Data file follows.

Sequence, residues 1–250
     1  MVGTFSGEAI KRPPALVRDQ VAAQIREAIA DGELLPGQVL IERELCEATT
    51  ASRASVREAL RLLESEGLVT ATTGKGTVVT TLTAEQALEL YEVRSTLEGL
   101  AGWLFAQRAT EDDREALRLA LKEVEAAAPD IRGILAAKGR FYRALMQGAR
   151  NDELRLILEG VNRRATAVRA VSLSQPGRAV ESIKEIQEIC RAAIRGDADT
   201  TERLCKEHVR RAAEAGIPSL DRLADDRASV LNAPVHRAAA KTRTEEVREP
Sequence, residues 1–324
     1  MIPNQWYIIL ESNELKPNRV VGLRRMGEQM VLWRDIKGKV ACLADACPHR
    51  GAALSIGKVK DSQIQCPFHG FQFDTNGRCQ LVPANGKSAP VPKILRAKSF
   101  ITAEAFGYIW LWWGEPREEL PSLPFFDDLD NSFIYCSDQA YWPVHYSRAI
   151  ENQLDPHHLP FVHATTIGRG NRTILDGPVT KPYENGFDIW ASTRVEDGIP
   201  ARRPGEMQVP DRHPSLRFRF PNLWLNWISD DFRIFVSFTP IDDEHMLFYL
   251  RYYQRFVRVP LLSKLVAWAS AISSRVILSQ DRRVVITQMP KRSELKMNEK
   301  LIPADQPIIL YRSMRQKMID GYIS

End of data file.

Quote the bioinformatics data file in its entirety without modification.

Sequence, residues 1–250
     1  MVGTFSGEAI KRPPALVRDQ VAAQIREAIA DGELLPGQVL IERELCEATT
    51  ASRASVREAL RLLESEGLVT ATTGKGTVVT TLTAEQALEL YEVRSTLEGL
   101  AGWLFAQRAT EDDREALRLA LKEVEAAAPD IRGILAAKGR FYRALMQGAR
   151  NDELRLILEG VNRRATAVRA VSLSQPGRAV ESIKEIQEIC RAAIRGDADT
   201  TERLCKEHVR RAAEAGIPSL DRLADDRASV LNAPVHRAAA KTRTEEVREP
Sequence, residues 1–324
     1  MIPNQWYIIL ESNELKPNRV VGLRRMGEQM VLWRDIKGKV ACLADACPHR
    51  GAALSIGKVK DSQIQCPFHG FQFDTNGRCQ LVPANGKSAP VPKILRAKSF
   101  ITAEAFGYIW LWWGEPREEL PSLPFFDDLD NSFIYCSDQA YWPVHYSRAI
   151  ENQLDPHHLP FVHATTIGRG NRTILDGPVT KPYENGFDIW ASTRVEDGIP
   201  ARRPGEMQVP DRHPSLRFRF PNLWLNWISD DFRIFVSFTP IDDEHMLFYL
   251  RYYQRFVRVP LLSKLVAWAS AISSRVILSQ DRRVVITQMP KRSELKMNEK
   301  LIPADQPIIL YRSMRQKMID GYIS